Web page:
first_img Rector Belleville, IL Joe Woodyard says: AddThis Sharing ButtonsShare to PrintFriendlyPrintFriendlyShare to FacebookFacebookShare to TwitterTwitterShare to EmailEmailShare to MoreAddThis Ann Fontaine says: Tags Canon for Family Ministry Jackson, MS The Church Investment Group Commends the Taskforce on the Theology of Money on its report, The Theology of Money and Investing as Doing Theology Church Investment Group William James Coley says: October 17, 2015 at 9:48 pm This is a thoroughly interesting article. Thank you for including it. Thank you also to Mr. Beck for following the various leads in Clay Center in order to write the history of such a remarkable woman. I am sure that there are many more like her. I am touched by the care and desire of the current congregation to not only to honor Elizabeth Mai DeKonza, but to make public its reconcilation. As others have stated, there is still much work to do to battle and conquer racism. September 30, 2015 at 8:03 pm Thank you for this amazing story. It is one step on a journey of miles we need to take as The Episcopal Church as we confront institutional racism. I am heartened by the dedication St. Paul’s Clay Center showed to marking this repentance and remembrance. I would love to read the 19-page history. Is there a way to access it? By Melodie WoermanPosted Sep 30, 2015 October 2, 2015 at 4:52 pm If you send me your email, I’d be happy to send those to you. You can find my email address on the website of the Episcopal Diocese of Kansas, http://www.episcopal-ks.org. David Veal says: Virtual Celebration of the Jerusalem Princess Basma Center Zoom Conversation June 19 @ 12 p.m. ET Rector Martinsville, VA Claire S. Milligan says: Melodie Woerman says: Carl Cunningham says: Family Ministry Coordinator Baton Rouge, LA Seminary of the Southwest announces appointment of two new full time faculty members Seminary of the Southwest The Rt. Rev. Joel Marcus Johnson, Ret’d. says: October 18, 2015 at 9:02 pm I attend All Souls Memorial Episcopal Church in Washington, D.C. This article brought tears of joy and excitment that God’s redeeming grace never, never, never stops. THIS is a beautiful article because it reveals the outcome of faithfulness to and reliance on a God who’s love, mercy, and justice is boundless and eternal as expressed in and through: 1) Mai DeKonza, 2) Jim Beck, and 3) St. Paul’s congregation. Ms. DeKonza’s strength to endure 59 years of exclusion is testimony of her strength of character. I do not know if I could or would have put up with mistreatment for fifty-nine years and still have believed that God loved me. Yet, like St. Paul, of whom the parish honors, Ms. Dekonza is a living example of God’s declaration in 2 Corinthians 12:7-10, “My grace is sufficient for you, for my power is made perfect in weakness,” and Paul’s declarative response, “Therefore I will boast all the more gladly about my weaknessess, so that Christ’s power may rest on me.”Mr. Beck reminds me of the High Priest Hilkiah ordered by King Josiah to repair the Temple and who found, according to 2 Kings: 22, the book of the law that spurned the king to reform worship in his land. Mr. Beck’s tenacity and faithfulness in searching out the truth and then presenting it to the congregation is wonderful.And finally, the response of St. Paul’s congregation mirrors that of King Josiah’s response “when the king had heard the words of the book of the law, that he rent his clothes.” The congregation did not respond with an, “Oh, that’s the past.” No, they sought to rectify a great wrong with repentence. I wish more would be willing to do as this wonderful congregation did. You all like King Josiah will be honored by our God. This congregation has done the three things God requires 1) do justice, 2) love kindness, and 3 walk humbly with their God. Thank you for shining God’s light into this world.Sincerely,Will Coley Nancy Mott says: October 2, 2015 at 10:00 pm Amen to Rita Wallace. “Repentance requires more than a ceremony.” Certainly this parish has done something that is, sadly, most uncommon. The church I belong to, a Black African American Episcopal church, began because Episcopal African American children could not be baptized in the city’s White Episcopal churches. Diligent historical search followed by repentance is an important place to begin. Yet the most hopeful note in the story lies in the next-to-the-last paragraph: “the opportunity and responsibility to better understand systemic racism and other forms of oppression”. That’s an opportunity and responsibility of us all. October 5, 2015 at 11:51 pm This is the story of many African Americans in the United States. My family was introduced to the Episcopal Church in the mid-1800’s during slavery in Alabama. My great great grandmother, father was a white Episcopalian. This story is so painful to read because it just reminds me how harsh and evil people can be and still sit in a church and think it is okay and nobody speaks out against the evil. My family never departed from the Episcopal Church. The Episcopal Church has taught me to be the best Christian possible through outreach, the glorious liturgy, and the awesome parties. LOL!!! I love my church. Assistant/Associate Rector Morristown, NJ Press Release Service In-person Retreat: Thanksgiving Trinity Retreat Center (West Cornwall, CT) Nov. 24-28 September 30, 2015 at 5:00 pm In a literal sense, no one is a “cradle” Episcopalian, or any other kind of Christian, since one becomes a Christian at baptism, not by birth. However, I grew up in an integrated Anglo-Catholic parish in the 1950s and ’60s where many of the Black families proudly identified themselves as “cradle,” and indeed their families had lived in this country many more generations than mine had and been members of the Episcopal Church much longer. The same pertains to some Native Americans, whose ancestors were Anglican since before the American Revolution. The Oneida Nation brought the Episcopal Church to Wisconsin. So one ought not to generalize about terms like “cradle.” The same goes for the Anglo-Catholic tradition, which is as much a part of the complex strain that makes up Anglicanism as any other. Generalizations are, in themselves, a form of pre-judgement in which we distance ourselves from one or another group or the representative of that group, as was so unfortunately done to Mai DeKonza. She stands as a Christlike witness, one who persevered, loving her Church and parish despite rejection as our Lord did. Rita Wallace says: Phoebe Pettingell says: Helen Svoboda-Barber says: Rector Tampa, FL Featured Jobs & Calls Course Director Jerusalem, Israel October 1, 2015 at 10:20 am This sad story shows the depth of racism, North and South, in America. It is not just history. It exists today. In addition to public acknowledgement of past sins we need present, determined actions to cleanse the soul of the nation from the virus of racial prejudice. Rector Albany, NY October 1, 2015 at 5:44 pm When I encounter stories like these, my question is, “In what way am I still doing this?” Because racism continues even now, I urge gentle but honest self-examination followed by confession. Many falsely believe that they are tolerant; That they do not sin. So did Peter in Matthew 26:35– “Peter said to him, ‘Even though I must die with you, I will not deny you.’ And so said all the disciples.” But Peter did deny Him, as do we around this issue. I pray that all who come out of denial are warmly embraced. Today, as we experience less interpersonal racism, we suddenly realize that racism has been woven into the policies and practices of our organizations and institutions. Institutionalized racism is racially-biased outcomes without the racists. Examples include mass incarceration driven by racially-biased law enforcement, or school dropout rates driven by racially-biased rates of discipline or healthcare disparities or underemployment or the wealth gap. Statistics are consistently showing that all of our institutions have very racially-biased and negative outcomes. With this service of repentance, a church confronted its own institutionalized racism. Finally, internalized racism is just coming onto our radar. Any tendency toward self-hatred or low self-esteem is magnified by racism. There are many black Episcopalians who are struggling to hold their heads up today because their own churches do not see them as equal members. All of these forms of racism, which is our collective sinfulness, must be healed in order for all of us to fulfill the Great Commission. My prayer continues to be …O God, you have bound us together in a common life. Help us, in the midst of our struggles for justice and truth, to confront one another without hatred or bitterness, and to work together with mutual forbearance and respect; through Jesus Christ our Lord. Amen Ellen Tracy says: Director of Administration & Finance Atlanta, GA September 30, 2015 at 5:56 pm My husband’s family went to St Pauls, Clay Center. By the time I was visiting there in the late ’90’s they were supporting marriage equality and had turned quite rational. This sort of sad behavior was probably not unique. Bless them for their atonement. October 2, 2015 at 4:57 pm This rural area of Kansas has very few African Americans living in it. That is true in much of the state. Fewer than 6 percent of our residents are African-American, mostly living in urban areas. And the people of St. Paul’s today are open-hearted, progressive and welcoming. Though small in number, they are committed to providing food for people in need, their primary ministry. October 4, 2015 at 7:55 am The 19 page story of the life of Mai DeKonza is posted on our church’s Website: http://www.episcopalclaycenter.org. Thank you for your interest. Rector Bath, NC Haley Smith says: Jim Beck says: Melodie Woerman says: October 6, 2015 at 12:15 am Dear Bro Hicks,I am an African American, baby Episcopalian. I believe your heart is in the right place. But I have a strikingly different perspective on many of your reflections. Here is just one example: “There are many black Episcopalians who are struggling to hold their heads up today because their own churches do not see them as equal members.” THIS IS SIMPLY NOT TRUE. In the spirit of Ms. Mai, we are not “struggling to hold our heads up.” I wish we could discuss others of your comments, to include:“Today, as we experience less interpersonal racism…”“…we suddenly !! (Emphasis mine) realize that racism has been woven into…”“Institutionalized racism is racially-biased outcomes without the racists.”“Finally, internalized racism is just coming onto our radar.”“Any tendency toward self-hatred or low self-esteem is magnified by racism.”“All of these forms of racism, which is our collective sinfulness, must be healed in order for all of us to fulfill the Great Commission.”Bro. Hicks. Racism, white skin privilege, can be very subtle. Allow me to make two suggestions: please watch the documentary film, TRACES OF THE TRADE. And, please take our church’s course: SEEING THE FACE OF GOD IN EACH OTHER (also known as the “anti-racism” training). September 30, 2015 at 6:50 pm The most remarkable thing to me about this story is the perseverance of this amazing Christian. How many people I have talked to who have left the church over a slight or grievance, and Ms. DeKonza stayed with it. Blessings to her for all that she can teach us. Advocacy Peace & Justice, Rector Hopkinsville, KY Associate Priest for Pastoral Care New York, NY Curate (Associate & Priest-in-Charge) Traverse City, MI Inaugural Diocesan Feast Day Celebrating Juneteenth San Francisco, CA (and livestream) June 19 @ 2 p.m. PT Assistant/Associate Priest Scottsdale, AZ The Rev. Blaine Hammond says: WJoe Hicks says: Rex Botengan says: center_img Rector Smithfield, NC Submit a Press Release Priest Associate or Director of Adult Ministries Greenville, SC September 30, 2015 at 11:41 am If this had happened to Bp Curry’s mother — he would probably not be an Episcopalian. Rector and Chaplain Eugene, OR Director of Music Morristown, NJ An Evening with Presiding Bishop Curry and Iconographer Kelly Latimore Episcopal Migration Ministries via Zoom June 23 @ 6 p.m. ET December 11, 2016 at 8:40 am A better description for Episcopalians is to be called “A Cradle Baptized Christian” TryTank Experimental Lab and York St. John University of England Launch Survey to Study the Impact of Covid-19 on the Episcopal Church TryTank Experimental Lab Featured Events Join the Episcopal Diocese of Texas in Celebrating the Pauli Murray Feast Online Worship Service June 27 Kansas church repents treatment of its only black member September 30, 2015 at 9:53 pm What a wonderful event and story, and Elizabeth such an inspiring person who did not desert her church. In Easton MD, our Talbot County Association of Clergy and Laity (TACL) is sponsoring our first Conversation on Race, an event which will continue to reshape itself in the years ahead. It includes inter-congregational Sunday suppers in our churches, synagogue and mosque, as well as Community Conversation Days for such professional categories as the justice system, secondary and higher education, medical delivery of service, the business community, and even our religious congregations. It is important for our spiritual leaders to respond to Dr. King’s challenge, that 11 o’clock Sunday morning is the most segregated hour in America. This issue is looming large for us as TACL has forged a deeper relationship with NAACP in such events as the King Day Breakfast, now adding educational events for young and old alike. More to the point, Elizabeth, St. Paul’s Clay City and Wards Chapel AME’s story will be shared among our planners. Thank you for this inspiring story. Comments (25) Submit a Job Listing October 1, 2015 at 12:15 am As acatholic I am familiar with the term cradle catholic, which refers to someone born into a catholic family and baptized as a baby. I unaware of any other meaning for Catholics. I am not a cradle catholic as I converted in my late teens. I haven’t never heard it used in any other referrnce than birth or convert. Perhaps episcopalians use it differently. Remember Holy Land Christians on Jerusalem Sunday, June 20 American Friends of the Episcopal Diocese of Jerusalem Episcopal Migration Ministries’ Virtual Prayer Vigil for World Refugee Day Facebook Live Prayer Vigil June 20 @ 7 p.m. ET Racial Justice & Reconciliation The Rev. Fred Fenton says: Rector Pittsburgh, PA The Church Pension Fund Invests $20 Million in Impact Investment Fund Designed to Preserve Workforce Housing Communities Nationwide Church Pension Group October 12, 2015 at 4:24 am As a third generation Episcopalian and therefore cradle Episcopalian, I find the term merely descriptive. I was baptized in the Philippine Episcopal Church when it was still part of TEC (then PECUSA). My grandparents remember the missionaries who seeded the Church in the Philippines, including Charles Henry Brent (whose feast day is March 27th). I find it odd that so many find this term oppressive. At what point should I deny the rich heritage that belongs to me? And how does my history “piss off” other who do not share it? Associate Rector for Family Ministries Anchorage, AK Rector Washington, DC Youth Minister Lorton, VA New Berrigan Book With Episcopal Roots Cascade Books October 1, 2015 at 7:42 pm What is astounding to me is that she is still called the church’s ‘only black member’. There have been none since? There are none now? Hmmm… I suppose, given how she was treated, it should not be surprising that other black people didn’t feel drawn. (I probably wouldn’t go to that church myself now, being black.) I think repentance requires more than a ceremony, though. They should be actively working for racial reconciliation and racial justice in the here and now. There is work crying out to be done. October 1, 2015 at 1:50 am I would like to see the words of the hymn she wrote. Our choir sings a hymn with the music to “Finlandia”; that tune can never be used enough. September 30, 2015 at 8:17 pm I’m glad you don’t like people who prejudge others. As a “Cradle Episcopalian” I am none of the things you describe nor were my parents or grandparents. But thanks for the blanket assessment. Bishop Diocesan Springfield, IL robert Hunter says: Submit an Event Listing Missioner for Disaster Resilience Sacramento, CA Assistant/Associate Rector Washington, DC Althea Benton says: Ya no son extranjeros: Un diálogo acerca de inmigración Una conversación de Zoom June 22 @ 7 p.m. ET Rector Knoxville, TN Rector/Priest in Charge (PT) Lisbon, ME Susan Kay Miller says: Rector Shreveport, LA This Summer’s Anti-Racism Training Online Course (Diocese of New Jersey) June 18-July 16 Lynne Hatter says: Comments are closed. Rector (FT or PT) Indian River, MI Associate Rector Columbus, GA October 1, 2015 at 3:39 am Can’t help but think of Deacon Joe Thompson and how this would have made him feel. Knowing him, he would have driven to Clay Center from the cathedral to attend. Rector Collierville, TN October 2, 2015 at 11:39 am I worshiped at this church for 7 1/2 years before moving away in 2009. I loved that place and I love those people. I’m thankful that we’re still trying to get it right. Episcopal Charities of the Diocese of New York Hires Reverend Kevin W. VanHook, II as Executive Director Episcopal Charities of the Diocese of New York Curate Diocese of Nebraska Members of St. Paul’s and guests gather at the grave of Mai DeKonza for the blessing and dedication of a stone on her previously unmarked grave, 56 years after her death. Photo: Melodie Woerman/Diocese of Kansas[Episcopal Diocese of Kansas] On a recent Sunday afternoon, St. Paul’s Episcopal Church in Clay Center, Kansas, was packed with worshippers, including half a dozen guests from the Ward Chapel AME Church in nearby Junction City.They had gathered Sept. 20 for a service of repentance, healing and reconciliation to acknowledge the mistreatment of the only African-American member in the church’s 134-year history, Mai DeKonza, who died in 1959.Over and over again, the people prayed, “Forgive us our sins. Forgive us our sins. Forgive us our sins.”DeKonza, who was confirmed in 1900 in the small church in north-central Kansas, was a poet, musician, playwright and prolific letter writer who mostly was ignored by her fellow church members during her 59-year membership. Her separation from them was even more complete by their use of a designated chalice to administer communion only to her.Parishioners and guests sing a hymn that was written by Mai DeKonza during the service of repentance. Photo: Melodie Woerman/Diocese of KansasNow, to help give her a voice in the church that she didn’t have in life, the service included excerpts from letters she had written to Bishop James Wise, the fourth bishop of Kansas who served from 1916 to 1939, as well as a hymn she wrote that had been arranged by parish organist Sandra Carlson to the tune Finlandia.And when it came time for communion, the only chalice on the altar was the one that had been reserved for DeKonza.In her sermon, the Rev. Lavonne Seifert, the church’s priest-in-charge, said that the service was to address twofold sorrow. “Today, we express our sorrow for the actions and inactions of those good Christian people who worshipped in the era of ‘Jim Crow church,’ as Mai described it,” Seifert said. “But I am most sorry that those who came before us missed the opportunity to really know Mai DeKonza and to hear her wisdom, benefit from her insights and enjoy her company.”Kansas Bishop Dean Wolfe sent remarks that were included in the worship bulletin: “Today, let us repent of the sins of prejudice and racism and strive to be the inviting, loving people God has called us to be. Today let us say ‘thank you’ to a woman we did not know, yet who is teaching us still, long after she has joined the saints in light.”Hazel Washington, an African-American woman who was among those who came from the AME church in Junction City, said she thought the service “brought a lot of healing.” She added, “I felt God here.”DeKonza: Musician, poet, committed Episcopalian The church’s attitude toward DeKonza had been acknowledged in a history written for the parish’s centennial in 1981. That account called the church’s treatment of her “a blot on the glorious history of St. Paul’s” and noted that for years “she was tolerated but not accepted.”Hazel Washington lays flowers at the grave of Mai DeKonza. Photo: Melodie Woerman/Diocese of KansasBut the depth of this alienation, and the talents DeKonza possessed, remained hidden until Jim Beck and his wife Ginny moved to Clay Center when they retired in 2013. After he read the 1981 account, he said his background in psychology – he holds a doctorate in the subject – prompted him to ask, “How did this happen?”With a college degree in history and research experience honed through a hobby in genealogy, he began to dig. He found information in the local museum and census records, as well as in the archives of the Diocese of Kansas.Beck learned that DeKonza was born in 1870, the daughter of a white man from England and a black woman who was freed from slavery by being brought into free-state Kansas from Missouri by Union General and U.S. Senator James Lane.Her given name was Elizabeth May Lawton, and when she was 21 she legally changed her last name to DeKonza, an acknowledgment of her beloved home state. It isn’t known when she started to use Mai, an adaptation of her middle name, as her first name.As a child DeKonza contracted typhoid fever that left her disabled and required the use of crutches to walk. Although she had only an eighth-grade education, she worked as a music teacher, stenographer, seamstress and light housekeeper.She also composed and performed music, and wrote poetry and dramas, some of which were published. She gave speeches and lectures about race, and she became active in politics, including support of Prohibition.Later in life she mostly was homebound after being run over by a car.St. Paul’s, Clay Center, placed this marker on the grave of Mai DeKonza, the only black member in the church’s history, as a mark of repentance for her lack of acceptance by the congregation during her life. Photo: Melodie Woerman/Diocese of KansasBeck wasn’t able to learn what drew DeKonza to The Episcopal Church, but in the diocesan archives he found what he called a treasure trove of 20 letters from DeKonza to Bishop Wise, and copies of some letters from him to her. In those letters “she described her own experiences,” Beck said. “They were like a diary.”In them she shared the depth of her commitment to her faith and The Episcopal Church, in spite of her treatment by fellow parishioners.On April 11, 1934, she wrote to Wise that in spite of her sense of alienation from the church, she had tried to attend Easter service, making the 11-block walk on her crutches. She discovered that the church had changed the service time from 8 a.m. to 6 a.m., and she arrived just as people were finishing breakfast.She wrote, “And I thought, as I saw them enjoying themselves so merrily, Easter morning, that if the church had requested them to make up an Easter box for African heathen, how gladly they would have given to it; but nobody in St. Paul’s thought of me, of the African race, right at hand, with an Easter egg, or card, or message of cheer, nor of suggesting that a bite of their fine Easter breakfast be sent to me. They simply forgot me.”Later, when she heard that all black Episcopalians might be put under the jurisdiction of Rt. Rev. Edward Demby, suffragan bishop for colored work, she said she simply would not comply; she was sticking with the bishop of Kansas. He had been a pastor to her when her local clergy had not.She wrote, “Please let me stress this fact, dear Bishop, that all the Bishops in the Episcopal Church, of the entire American continent, backed by all the Bishops of the Church of England, could not have the power to change me from Bishop Wise to Bishop Demby. I am small and weak in body, but have you ever seen my spirit?”Beck also learned that when she died in 1959, her funeral took place at a local mortuary, not at St. Paul’s, and she was buried in an unmarked grave in the paupers’ section of the local cemetery.Making amends through repentance and a gravestoneIt took Beck about six months to complete his research and compile it into what became a 19-page history. When members of the congregation read it, they knew they had to do something. They needed to make amends of some kind for how the church – their beloved church – had treated DeKonza. And they had to get a marker on her grave.Seifert suggested they have a service to publicly acknowledge St. Paul’s poor treatment of its only black member.Carolyn Garwood, the church’ senior warden, said it was painful to learn the depth of DeKonza’s story. A lifelong member of the parish, Garwood realized her grandmother would have been a contemporary of DeKonza’s. “My grandmother was pretty accepting – at least I thought she was – and taught us to respect people who were disabled,” Garwood said. “I learned tolerance from her. I would hope that she would have been accepting of Mai. It scares me because I know all these people who I wouldn’t have expected to ignore her. It upsets me.”The Rev. Lavonne Seifert, St. Paul’s priest-in-charge, consecrates wine in a chalice that previously had been set apart for use solely by Mai DeKonza. At the service of repentance, the entire congregation received communion from it. Photo: Melodie Woerman/Diocese of KansasBeck wondered what had happened to the chalice reserved for DeKonza’s use. After some searching, two old chalices turned up in the church basement. He then turned to the Rev. Frank Holtz, retired priest at St. John’s in nearby Abilene, for help. Holtz had grown up at St. Paul’s and as a teenager had been the church’s sexton. He told Beck that he once had asked about a chalice he saw in the basement and was told, “That’s for the colored lady.” Beck took both old chalices to Abilene, and Holtz pointed out the one he remembered.Seifert said she knew that in the service she was planning, that chalice would be the only one used.Church members also donated money toward a marker for her grave, and a committee worked with the local monument company to create a design. It includes the outline of a chalice, with an Episcopal shield forming its bowl. It is surrounded by ivy, which the monument company told them was a symbol of strength.Seifert received permission from the Diocese of Southern Virginia to adapt the diocese’s service of repentance for slavery. The service in Clay Center was called a “Service of Repentance, Healing and Reconciliation” and featured a variety of hymns and music with the theme of reconciliation, including “Lift Every Voice and Sing,” a hymn of longing and deep meaning for the African-American community.After the service, most of the 75 worshippers caravanned to the local cemetery to dedicate the new marker on DeKonza’s grave and place flowers around its base.“You can’t heal something that hasn’t been revealed”Heidi J. Kim, the Domestic and Foreign Missionary Society’s missioner for racial reconciliation, said that St. Paul’s efforts show that its members understand what reconciliation means. “The people of St. Paul’s have said, ‘This is a wound, and we are going to try to find out what happened.’ ”(The Domestic and Foreign Missionary Society is the name under which The Episcopal Church is incorporated, conducts business, and carries out mission.)Taking an honest look at its history gave St. Paul’s the chance to experience “a mutuality of repentance and healing,” Kim said. “You can’t heal something that hasn’t been revealed.”She said that the depth of love current members have for their church gave rise to their sense of pain and grief that the same love wasn’t extended to DeKonza.Kim said that since she had learned what St. Paul’s has done, she has shared the story with others in The Episcopal Church, “and everyone I have told has been moved to tears,” she said. “This is remarkable, and I can’t wait to hold it up churchwide.”Retired Bishop Nathan Baxter of Central Pennsylvania, honorary chair of the board of directors of the Union of Black Episcopalians, said in an e-mail that what the people of St. Paul’s did was “an incredible story of grace.” He said that as bishop he’d heard about an occasional black member in small, scattered communities, but few people, including him, had stopped to ask about their stories.He said St. Paul’s work to uncover the truth about its relationship to DeKonza shows “that it is never too late to heal our conscious or unconscious histories with truth, confession and heartfelt acts of corporate penance.” Such efforts, he said, “when blessed by sincerity, can become a liberating witness of Christian grace for us, and for the world around us.”A start, not an endGarwood, St. Pauls’ senior warden, called the Sept. 20 service an important start, but it can’t be the end. “We have to keep this going,” she said, “and encourage other parishes to tell their stories. This can’t just go on the back burner. We have to keep the momentum going.”Beck said that his research into DeKonza’s life makes it pertinent for him and his fellow parishioners to find out “who are the Mai DeKonzas of 2015 who live in Clay Center but who have been brushed off.” He wondered what actions undertaken by people today will cause similar embarrassment to their community in 50 years.In her sermon, Seifert said the church now has the opportunity and responsibility to better understand systemic racism and other forms of oppression that leave people with a sense of hopelessness. “This is the time,” she said, “to rededicate ourselves to noticing, caring for and walking with the Mai DeKonzas we meet here and now.”Washington, of the Junction City AME church, said she would like to see congregations of different people come together, perhaps around Thanksgiving. She said more opportunities to share across racial lines should happen “not to right a wrong, but because it is right.”– Melodie Woerman is director of communications for the Episcopal Diocese of Kansas. October 1, 2015 at 8:16 am Well said, Phoebe! Thanks. As you know, most “Cradle Episcopalians” in the South are staunchly Protestant “Low Churchmen,”…”Virginia Churchmen” as we used to say. Cathedral Dean Boise, ID Kathleen Kuczynski says: Priest-in-Charge Lebanon, OH last_img read more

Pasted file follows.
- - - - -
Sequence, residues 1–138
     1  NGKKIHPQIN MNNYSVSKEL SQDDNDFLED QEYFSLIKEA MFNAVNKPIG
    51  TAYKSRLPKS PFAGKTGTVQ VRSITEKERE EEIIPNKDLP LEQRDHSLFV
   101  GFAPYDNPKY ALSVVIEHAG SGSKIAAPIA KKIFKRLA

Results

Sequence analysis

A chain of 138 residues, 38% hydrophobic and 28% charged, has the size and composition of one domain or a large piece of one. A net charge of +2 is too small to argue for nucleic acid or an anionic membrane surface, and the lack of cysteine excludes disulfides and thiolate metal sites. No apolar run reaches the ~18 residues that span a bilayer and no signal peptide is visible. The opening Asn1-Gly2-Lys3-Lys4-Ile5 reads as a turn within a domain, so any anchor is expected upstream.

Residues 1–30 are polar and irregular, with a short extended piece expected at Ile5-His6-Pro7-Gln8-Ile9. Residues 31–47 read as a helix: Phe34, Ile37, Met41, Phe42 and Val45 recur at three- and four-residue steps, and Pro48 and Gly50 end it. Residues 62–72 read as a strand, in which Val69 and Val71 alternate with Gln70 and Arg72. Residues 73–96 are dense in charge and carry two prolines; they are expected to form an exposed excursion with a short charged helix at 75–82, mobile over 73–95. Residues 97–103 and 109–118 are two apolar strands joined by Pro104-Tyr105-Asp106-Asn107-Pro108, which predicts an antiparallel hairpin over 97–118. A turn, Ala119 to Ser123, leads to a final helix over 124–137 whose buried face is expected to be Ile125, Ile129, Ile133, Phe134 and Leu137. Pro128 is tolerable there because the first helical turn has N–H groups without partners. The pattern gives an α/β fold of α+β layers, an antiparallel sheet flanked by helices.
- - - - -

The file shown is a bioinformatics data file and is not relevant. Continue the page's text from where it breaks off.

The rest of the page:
Un ministère d’inhumation des « saints innocents » dans une église de…

first_img Cathedral Dean Boise, ID Priest Associate or Director of Adult Ministries Greenville, SC Rector Knoxville, TN Submit a Press Release Submit a Job Listing Remember Holy Land Christians on Jerusalem Sunday, June 20 American Friends of the Episcopal Diocese of Jerusalem Submit an Event Listing [Episcopal News Service] Lorsque le révérend Joshua Case et un petit groupe de paroissiens de l’église épiscopale des Saints Innocents inclinent la tête pour prier alors qu’ils enterrent certaines des plus jeunes victimes de la violence à Atlanta, ils le font souvent seuls.Dans certains cas, des membres de la famille sont présents à l’enterrement. D’autres fois, ils ne sont pas là. Soit ils sont absents, soit ils n’ont pas de moyen de transport jusqu’au cimetière ou bien ils sont incarcérés ou encore l’État leur interdit d’être présents.Mais l’enfant n’est pas oublié. Pendant ce bref service solennel, Joshua Case et les autres deviennent la famille « en deuil » de l’enfant.Depuis avril, Joshua Case a effectué seize de ces services au cimetière de Lakeside Memorial Gardens. Ces enterrements ne représentent qu’une petite partie des quelque 300 enterrements célébrés tous les ans et financés par le programme d’enterrements pour indigents du Comté de Fulton. Le nombre total de décès d’enfants en Géorgie – plusieurs centaines chaque année, selon le chiffre officiel – est encore plus effrayant et la détresse de ces victimes a inspiré à l’église des Saints Innocents de concentrer ses efforts d’entraide sur les enfants victimes de violence afin d’honorer sa mission à long terme et son nom.Alors qu’il continuait d’en savoir plus sur les jeunes victimes de Géorgie, Joshua Case a rencontré le révérend Cliff Dawkins, l’aumônier qui supervise les enterrements d’indigents du Comté de Fulton. Joshua Case a été stupéfait d’apprendre que les enterrements d’enfants se déroulaient souvent sans aucune famille ni aucun témoin autres que Cliff Dawkins et le personnel du cimetière.« Ma première réponse a été : pas dans mon comté », nous rapporte Joshua Case.Cliff Dawkins a invité Joshua Case à présider les enterrements des enfants et un petit groupe de l’église des Saints Innocents s’est formé pour accompagner Joshua Case lors de ces services.Article complet en anglais. In-person Retreat: Thanksgiving Trinity Retreat Center (West Cornwall, CT) Nov. 24-28 Virtual Celebration of the Jerusalem Princess Basma Center Zoom Conversation June 19 @ 12 p.m. ET Assistant/Associate Rector Washington, DC Rector Washington, DC Rector (FT or PT) Indian River, MI Ya no son extranjeros: Un diálogo acerca de inmigración Una conversación de Zoom June 22 @ 7 p.m. ET Press Release Service An Evening with Presiding Bishop Curry and Iconographer Kelly Latimore Episcopal Migration Ministries via Zoom June 23 @ 6 p.m. ET The Church Investment Group Commends the Taskforce on the Theology of Money on its report, The Theology of Money and Investing as Doing Theology Church Investment Group AddThis Sharing ButtonsShare to PrintFriendlyPrintFriendlyShare to FacebookFacebookShare to TwitterTwitterShare to EmailEmailShare to MoreAddThis Rector Pittsburgh, PA Rector Belleville, IL Assistant/Associate Rector Morristown, NJ Featured Events Un ministère d’inhumation des « saints innocents » dans une église de Géorgie Rector Collierville, TN Priest-in-Charge Lebanon, OH Associate Rector Columbus, GA TryTank Experimental Lab and York St. John University of England Launch Survey to Study the Impact of Covid-19 on the Episcopal Church TryTank Experimental Lab Associate Priest for Pastoral Care New York, NY Episcopal Charities of the Diocese of New York Hires Reverend Kevin W. VanHook, II as Executive Director Episcopal Charities of the Diocese of New York Rector Tampa, FL de David PaulsenPosted Oct 20, 2016 Rector and Chaplain Eugene, OR Course Director Jerusalem, Israel Canon for Family Ministry Jackson, MS Seminary of the Southwest announces appointment of two new full time faculty members Seminary of the Southwest Director of Music Morristown, NJ Inaugural Diocesan Feast Day Celebrating Juneteenth San Francisco, CA (and livestream) June 19 @ 2 p.m. PT Join the Episcopal Diocese of Texas in Celebrating the Pauli Murray Feast Online Worship Service June 27 Family Ministry Coordinator Baton Rouge, LA Assistant/Associate Priest Scottsdale, AZ Rector Bath, NC Youth Minister Lorton, VA Rector Albany, NY Rector Martinsville, VA Episcopal Migration Ministries’ Virtual Prayer Vigil for World Refugee Day Facebook Live Prayer Vigil June 20 @ 7 p.m. ET Bishop Diocesan Springfield, IL Rector/Priest in Charge (PT) Lisbon, ME Rector Hopkinsville, KY Director of Administration & Finance Atlanta, GA Missioner for Disaster Resilience Sacramento, CA This Summer’s Anti-Racism Training Online Course (Diocese of New Jersey) June 18-July 16 Curate (Associate & Priest-in-Charge) Traverse City, MI Associate Rector for Family Ministries Anchorage, AK Rector Smithfield, NC Rector Shreveport, LA New Berrigan Book With Episcopal Roots Cascade Books The Church Pension Fund Invests $20 Million in Impact Investment Fund Designed to Preserve Workforce Housing Communities Nationwide Church Pension Group Featured Jobs & Calls Curate Diocese of Nebraska last_img read more